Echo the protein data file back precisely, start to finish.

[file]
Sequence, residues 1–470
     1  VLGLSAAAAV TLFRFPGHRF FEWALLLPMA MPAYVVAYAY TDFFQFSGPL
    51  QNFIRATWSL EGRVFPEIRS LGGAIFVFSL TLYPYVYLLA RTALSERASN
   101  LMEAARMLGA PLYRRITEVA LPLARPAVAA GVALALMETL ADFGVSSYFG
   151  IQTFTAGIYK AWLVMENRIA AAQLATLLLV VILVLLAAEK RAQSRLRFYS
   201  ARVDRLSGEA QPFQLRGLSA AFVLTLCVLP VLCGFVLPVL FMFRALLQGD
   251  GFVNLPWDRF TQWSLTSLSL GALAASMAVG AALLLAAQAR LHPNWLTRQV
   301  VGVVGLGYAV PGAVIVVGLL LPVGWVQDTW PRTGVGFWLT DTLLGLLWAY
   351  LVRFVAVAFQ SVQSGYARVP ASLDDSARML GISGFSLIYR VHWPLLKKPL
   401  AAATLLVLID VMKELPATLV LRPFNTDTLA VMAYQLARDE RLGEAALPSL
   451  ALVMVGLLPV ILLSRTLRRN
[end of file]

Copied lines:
Sequence, residues 1–470
     1  VLGLSAAAAV TLFRFPGHRF FEWALLLPMA MPAYVVAYAY TDFFQFSGPL
    51  QNFIRATWSL EGRVFPEIRS LGGAIFVFSL TLYPYVYLLA RTALSERASN
   101  LMEAARMLGA PLYRRITEVA LPLARPAVAA GVALALMETL ADFGVSSYFG
   151  IQTFTAGIYK AWLVMENRIA AAQLATLLLV VILVLLAAEK RAQSRLRFYS
   201  ARVDRLSGEA QPFQLRGLSA AFVLTLCVLP VLCGFVLPVL FMFRALLQGD
   251  GFVNLPWDRF TQWSLTSLSL GALAASMAVG AALLLAAQAR LHPNWLTRQV
   301  VGVVGLGYAV PGAVIVVGLL LPVGWVQDTW PRTGVGFWLT DTLLGLLWAY
   351  LVRFVAVAFQ SVQSGYARVP ASLDDSARML GISGFSLIYR VHWPLLKKPL
   401  AAATLLVLID VMKELPATLV LRPFNTDTLA VMAYQLARDE RLGEAALPSL
   451  ALVMVGLLPV ILLSRTLRRN